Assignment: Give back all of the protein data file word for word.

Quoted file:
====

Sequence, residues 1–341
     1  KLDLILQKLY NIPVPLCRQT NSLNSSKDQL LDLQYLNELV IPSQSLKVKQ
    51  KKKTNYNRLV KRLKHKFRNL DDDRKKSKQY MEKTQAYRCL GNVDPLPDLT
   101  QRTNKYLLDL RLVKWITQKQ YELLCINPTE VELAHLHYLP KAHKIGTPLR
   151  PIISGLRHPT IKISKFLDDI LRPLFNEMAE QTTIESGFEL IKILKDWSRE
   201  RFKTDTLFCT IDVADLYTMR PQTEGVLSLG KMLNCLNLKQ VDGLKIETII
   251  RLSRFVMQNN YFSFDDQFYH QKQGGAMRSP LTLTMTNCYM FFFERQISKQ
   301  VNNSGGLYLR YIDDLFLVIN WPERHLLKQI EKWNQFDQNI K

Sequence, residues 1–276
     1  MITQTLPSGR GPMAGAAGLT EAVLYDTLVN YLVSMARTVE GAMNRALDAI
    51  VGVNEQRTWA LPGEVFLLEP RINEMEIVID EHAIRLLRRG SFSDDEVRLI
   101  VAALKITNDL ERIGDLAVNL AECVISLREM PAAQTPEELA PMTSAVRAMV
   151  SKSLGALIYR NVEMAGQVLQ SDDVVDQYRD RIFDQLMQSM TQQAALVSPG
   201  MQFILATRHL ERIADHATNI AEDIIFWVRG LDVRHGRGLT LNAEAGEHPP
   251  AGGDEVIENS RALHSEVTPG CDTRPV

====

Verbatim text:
Sequence, residues 1–341
     1  KLDLILQKLY NIPVPLCRQT NSLNSSKDQL LDLQYLNELV IPSQSLKVKQ
    51  KKKTNYNRLV KRLKHKFRNL DDDRKKSKQY MEKTQAYRCL GNVDPLPDLT
   101  QRTNKYLLDL RLVKWITQKQ YELLCINPTE VELAHLHYLP KAHKIGTPLR
   151  PIISGLRHPT IKISKFLDDI LRPLFNEMAE QTTIESGFEL IKILKDWSRE
   201  RFKTDTLFCT IDVADLYTMR PQTEGVLSLG KMLNCLNLKQ VDGLKIETII
   251  RLSRFVMQNN YFSFDDQFYH QKQGGAMRSP LTLTMTNCYM FFFERQISKQ
   301  VNNSGGLYLR YIDDLFLVIN WPERHLLKQI EKWNQFDQNI K

Sequence, residues 1–276
     1  MITQTLPSGR GPMAGAAGLT EAVLYDTLVN YLVSMARTVE GAMNRALDAI
    51  VGVNEQRTWA LPGEVFLLEP RINEMEIVID EHAIRLLRRG SFSDDEVRLI
   101  VAALKITNDL ERIGDLAVNL AECVISLREM PAAQTPEELA PMTSAVRAMV
   151  SKSLGALIYR NVEMAGQVLQ SDDVVDQYRD RIFDQLMQSM TQQAALVSPG
   201  MQFILATRHL ERIADHATNI AEDIIFWVRG LDVRHGRGLT LNAEAGEHPP
   251  AGGDEVIENS RALHSEVTPG CDTRPV